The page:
Symonds Yat is a scenic beauty spot spanning the River Wye. It is located mid-way between the market towns of Ross-on-Wye and Monmouth, both approximately five miles away.
Narrow, winding roads lead to the village centre at Symonds Yat East and continuing slightly further there is a large car park where we were able to park. The village is tiny but what it lacks in size it certainly makes up for in prettiness being located on this beautiful stretch of river.
An ancient hand pulled cable ferry rests outside the Saracen’s Head Inn and is still in regular use today taking passengers across the river to Symonds Yat West. Ferries were introduced to link both banks of the Wye in Roman times and whilst it is now predominantly a tourist attraction it is still also used by locals who wish to avoid a five mile road trip or a lengthy walk.
Symonds Yat is a popular canoe centre for trips on the River Wye and for the less energetic Kingfisher Cruises operate 45 minute scenic boat trips from the village centre.
After enjoying a stroll around the village we returned to the car and carried on the short distance across the Welsh border into Monmouth. Parking there was easy and free of charge on Sundays which was even better. It was our first visit to Monmouth and I just knew it was going to be an interesting place to visit as we crossed its 18th century Monnow Bridge. This masterpiece is the only one in the U.K. to have its gate tower still standing. It was originally built with a portcullis, it’s primary use being to defend the town but it has also served as a jail and a toll booth.
The town lies at the confluence of the rivers Wye, Monnow and Trothy and is noted as being the birthplace of Henry V. We strolled along the broad Monnow Street which gently slopes uphill.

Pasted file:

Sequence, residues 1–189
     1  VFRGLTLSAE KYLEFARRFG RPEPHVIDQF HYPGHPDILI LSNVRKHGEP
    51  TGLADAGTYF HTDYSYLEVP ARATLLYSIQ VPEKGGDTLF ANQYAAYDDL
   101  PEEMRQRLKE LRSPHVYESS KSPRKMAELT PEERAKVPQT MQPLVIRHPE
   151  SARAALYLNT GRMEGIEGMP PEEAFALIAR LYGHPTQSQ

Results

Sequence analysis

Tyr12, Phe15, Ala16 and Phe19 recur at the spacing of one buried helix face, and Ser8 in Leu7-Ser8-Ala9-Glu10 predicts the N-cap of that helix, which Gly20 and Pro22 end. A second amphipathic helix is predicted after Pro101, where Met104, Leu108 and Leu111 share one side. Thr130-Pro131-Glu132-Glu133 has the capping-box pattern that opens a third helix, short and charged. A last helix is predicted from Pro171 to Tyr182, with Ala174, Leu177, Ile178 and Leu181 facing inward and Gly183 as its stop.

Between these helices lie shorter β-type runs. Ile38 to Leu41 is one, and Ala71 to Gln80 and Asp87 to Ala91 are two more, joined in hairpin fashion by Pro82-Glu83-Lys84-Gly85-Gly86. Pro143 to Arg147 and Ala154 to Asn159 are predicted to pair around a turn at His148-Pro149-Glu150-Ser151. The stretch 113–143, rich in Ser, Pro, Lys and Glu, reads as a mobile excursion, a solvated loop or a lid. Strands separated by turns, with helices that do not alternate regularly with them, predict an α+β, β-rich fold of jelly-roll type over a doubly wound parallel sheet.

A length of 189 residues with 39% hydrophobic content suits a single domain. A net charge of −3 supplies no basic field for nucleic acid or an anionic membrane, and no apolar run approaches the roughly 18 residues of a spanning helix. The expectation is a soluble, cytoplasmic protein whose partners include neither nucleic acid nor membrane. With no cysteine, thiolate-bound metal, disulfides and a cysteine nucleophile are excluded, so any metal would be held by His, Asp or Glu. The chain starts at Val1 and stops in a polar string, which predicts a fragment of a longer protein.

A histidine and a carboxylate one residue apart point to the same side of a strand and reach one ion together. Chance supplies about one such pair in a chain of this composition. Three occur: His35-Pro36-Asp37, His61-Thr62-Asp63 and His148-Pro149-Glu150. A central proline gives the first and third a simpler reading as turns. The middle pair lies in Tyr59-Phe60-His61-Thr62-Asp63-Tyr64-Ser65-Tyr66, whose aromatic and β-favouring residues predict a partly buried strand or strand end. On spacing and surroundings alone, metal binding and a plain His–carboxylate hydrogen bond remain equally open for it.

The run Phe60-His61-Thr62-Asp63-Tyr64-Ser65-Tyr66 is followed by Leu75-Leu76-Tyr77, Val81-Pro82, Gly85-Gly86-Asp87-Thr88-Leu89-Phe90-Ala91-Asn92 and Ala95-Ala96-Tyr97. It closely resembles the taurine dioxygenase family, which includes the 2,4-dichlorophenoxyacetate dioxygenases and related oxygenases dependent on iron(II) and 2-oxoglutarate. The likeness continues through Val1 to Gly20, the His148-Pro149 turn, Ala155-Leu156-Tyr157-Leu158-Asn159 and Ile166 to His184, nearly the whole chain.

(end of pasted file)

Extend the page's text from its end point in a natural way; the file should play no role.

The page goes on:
The town looked bright and cheerful with lines of bunting strung across the road. A large number of metal barriers and bollards spoilt the view somewhat. I’m unsure if they were there to help with social distancing or due to roadworks but if you try to imagine the high street without them, it would look lovely. There were also constant reminders that we had ventured into Wales with all road signs now appearing in both Welsh and English.
Our walk continued to Agincourt Square with its impressive Shire Hall which was formerly a court of assizes. It’s normally open to the public but currently closed. It didn’t matter as it was just nice to admire its exterior and to take a look at the very ornate Victorian hexagonal post box standing on the edge of the square. It its without doubt one of the most beautiful post boxes I’ve ever come across and I wish there were more like this still around.
Facing the square stands the Kings Head, a former 17th century coaching inn so we popped inside for a delicious Sunday brunch to set us up for the rest of the day.
Feeling re-energised we set off again to explore the top of the town with its quaint narrow streets and attractive little shops and cafes. It all seemed very quiet though with few people about but it was still pleasant to stroll around.
We passed Monmouth Priory which was founded in 1070 by Benedictine monks and is one of the most historic buildings in the town. From there, we followed a footpath to the river for a walk on the Vauxhall Fields which is a water meadow to the north west of the town centre. The river Monnow borders the meadow on two sides making this large open space prone to flooding. The fields are utilised for numerous events including the Welsh International Kite Festival which must be a stunning spectacle.
The footpath brought us out conveniently near to where we had left the car completing our visit to Monmouth and Love Travelling’s first ever visit to Wales.
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